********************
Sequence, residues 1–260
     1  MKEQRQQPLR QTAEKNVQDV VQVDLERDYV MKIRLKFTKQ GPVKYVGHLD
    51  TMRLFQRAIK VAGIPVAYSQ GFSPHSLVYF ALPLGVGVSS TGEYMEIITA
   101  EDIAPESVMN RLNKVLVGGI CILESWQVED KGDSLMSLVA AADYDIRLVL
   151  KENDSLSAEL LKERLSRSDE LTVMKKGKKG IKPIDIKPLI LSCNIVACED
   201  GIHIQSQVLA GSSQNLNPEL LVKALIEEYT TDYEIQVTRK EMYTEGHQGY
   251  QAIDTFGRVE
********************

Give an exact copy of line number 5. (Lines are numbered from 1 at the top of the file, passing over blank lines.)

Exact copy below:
   151  KENDSLSAEL LKERLSRSDE LTVMKKGKKG IKPIDIKPLI LSCNIVACED